As someone who is deeply involved in the support and aid of Holocaust survivors, as well as making their voices relevant to this and future generations, I am compelled to jump into the controversy surrounding Larry David’s “concentration camp dating joke” on last Saturday’s “SNL.”
Get over it, it was a joke.
To those who came down on David with righteous indignation, may I ask:
Where were you when the Trump administration omitted any reference to Jews in the official U.S. government statement on International Holocaust Day, just this January 27? When groups like the ADL registered their complaints to the White House, it fell on deaf ears.
Where were you when the Holocaust monument in Canada’s capital, Ottawa, neglected to mention Jews or anti-Semitism in the inscription?
Where were you when the Russian Foreign Ministry spokesperson re-wrote history by claiming that the USSR, not Bulgaria, saved nearly 50,000 Jews from deportation and extermination — a total fabrication in Holocaust history?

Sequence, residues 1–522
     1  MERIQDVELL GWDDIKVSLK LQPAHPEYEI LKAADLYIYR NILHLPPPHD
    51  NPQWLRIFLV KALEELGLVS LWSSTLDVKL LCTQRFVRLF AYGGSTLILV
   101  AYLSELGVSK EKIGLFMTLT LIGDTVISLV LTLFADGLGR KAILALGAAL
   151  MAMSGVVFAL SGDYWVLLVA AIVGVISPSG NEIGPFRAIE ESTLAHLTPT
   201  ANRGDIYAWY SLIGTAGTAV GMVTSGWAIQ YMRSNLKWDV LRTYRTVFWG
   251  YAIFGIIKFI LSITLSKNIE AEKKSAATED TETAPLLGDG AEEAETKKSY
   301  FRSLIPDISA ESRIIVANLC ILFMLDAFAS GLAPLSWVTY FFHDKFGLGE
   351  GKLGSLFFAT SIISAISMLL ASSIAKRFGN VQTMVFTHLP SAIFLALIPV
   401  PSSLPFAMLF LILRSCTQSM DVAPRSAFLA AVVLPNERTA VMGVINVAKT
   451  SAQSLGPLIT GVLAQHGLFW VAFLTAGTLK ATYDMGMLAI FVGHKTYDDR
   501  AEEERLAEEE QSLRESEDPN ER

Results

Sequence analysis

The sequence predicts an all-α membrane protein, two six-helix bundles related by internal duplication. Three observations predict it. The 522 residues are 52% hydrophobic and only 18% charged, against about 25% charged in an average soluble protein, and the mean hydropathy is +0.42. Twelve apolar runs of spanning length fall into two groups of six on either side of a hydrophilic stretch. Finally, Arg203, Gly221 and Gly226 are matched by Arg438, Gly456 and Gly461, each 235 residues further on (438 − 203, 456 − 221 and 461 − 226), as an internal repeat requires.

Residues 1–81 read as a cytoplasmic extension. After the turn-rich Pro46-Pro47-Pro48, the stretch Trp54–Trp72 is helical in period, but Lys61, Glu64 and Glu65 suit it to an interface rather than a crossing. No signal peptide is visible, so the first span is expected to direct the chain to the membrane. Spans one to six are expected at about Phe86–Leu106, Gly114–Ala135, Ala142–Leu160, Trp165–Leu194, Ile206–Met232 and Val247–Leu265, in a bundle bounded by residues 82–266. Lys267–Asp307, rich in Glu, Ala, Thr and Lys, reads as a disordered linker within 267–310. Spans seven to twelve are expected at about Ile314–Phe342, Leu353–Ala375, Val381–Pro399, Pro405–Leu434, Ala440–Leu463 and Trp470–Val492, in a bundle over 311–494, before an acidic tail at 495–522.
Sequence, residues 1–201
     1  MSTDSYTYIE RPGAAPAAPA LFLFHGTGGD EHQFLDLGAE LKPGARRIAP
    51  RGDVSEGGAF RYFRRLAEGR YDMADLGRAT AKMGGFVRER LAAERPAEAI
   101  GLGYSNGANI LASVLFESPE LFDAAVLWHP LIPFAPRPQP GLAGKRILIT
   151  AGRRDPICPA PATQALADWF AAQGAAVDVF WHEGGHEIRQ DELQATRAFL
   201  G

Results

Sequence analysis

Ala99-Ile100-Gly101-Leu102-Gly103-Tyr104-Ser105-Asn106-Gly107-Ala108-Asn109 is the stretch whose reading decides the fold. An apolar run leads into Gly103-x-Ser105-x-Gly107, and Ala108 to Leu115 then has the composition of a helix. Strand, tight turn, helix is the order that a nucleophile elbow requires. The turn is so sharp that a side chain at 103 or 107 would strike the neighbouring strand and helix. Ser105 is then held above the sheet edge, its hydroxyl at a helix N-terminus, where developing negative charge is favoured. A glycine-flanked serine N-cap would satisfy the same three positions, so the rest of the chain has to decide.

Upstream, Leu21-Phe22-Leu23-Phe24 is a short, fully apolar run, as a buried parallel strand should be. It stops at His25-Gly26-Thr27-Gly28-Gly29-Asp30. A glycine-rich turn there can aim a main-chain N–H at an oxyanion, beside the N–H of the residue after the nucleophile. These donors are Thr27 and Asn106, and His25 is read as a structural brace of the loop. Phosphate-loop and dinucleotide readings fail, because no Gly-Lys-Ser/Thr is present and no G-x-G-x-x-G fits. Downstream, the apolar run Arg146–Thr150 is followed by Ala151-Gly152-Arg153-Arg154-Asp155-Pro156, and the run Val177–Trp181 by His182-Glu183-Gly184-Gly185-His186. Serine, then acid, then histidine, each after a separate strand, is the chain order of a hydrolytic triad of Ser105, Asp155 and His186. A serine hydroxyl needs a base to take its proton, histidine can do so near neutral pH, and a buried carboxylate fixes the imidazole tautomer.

Where were you when it was announced that 35,000-plus Holocaust survivors live in poverty, in of all places, Israel — a country where their pain and sacrifice was the brick and mortar that built Israel, and whose shoulders every Israeli stands on?
Where were you when the facts surrounding the Holocaust is denied, questioned and challenged in American classrooms?
I’ll tell you where you were — you were absent. The joke wasn’t on “Saturday Night Live,” the joke is your righteous indignation and ignorance of where the real problem is. A comic makes a joke about the Holocaust and that triggers an avalanche of response. A survivor goes to bed hungry, riddled with untreated diabetes in a roach-ridden flat in Tel Aviv, and your response? Crickets.
This is why we laugh. This is why we tell jokes. We are all victims of oppression and what do we do — we laugh in its face. Larry David was not joking about the Holocaust, he was making an observation on who we are — resilient in the face of horror.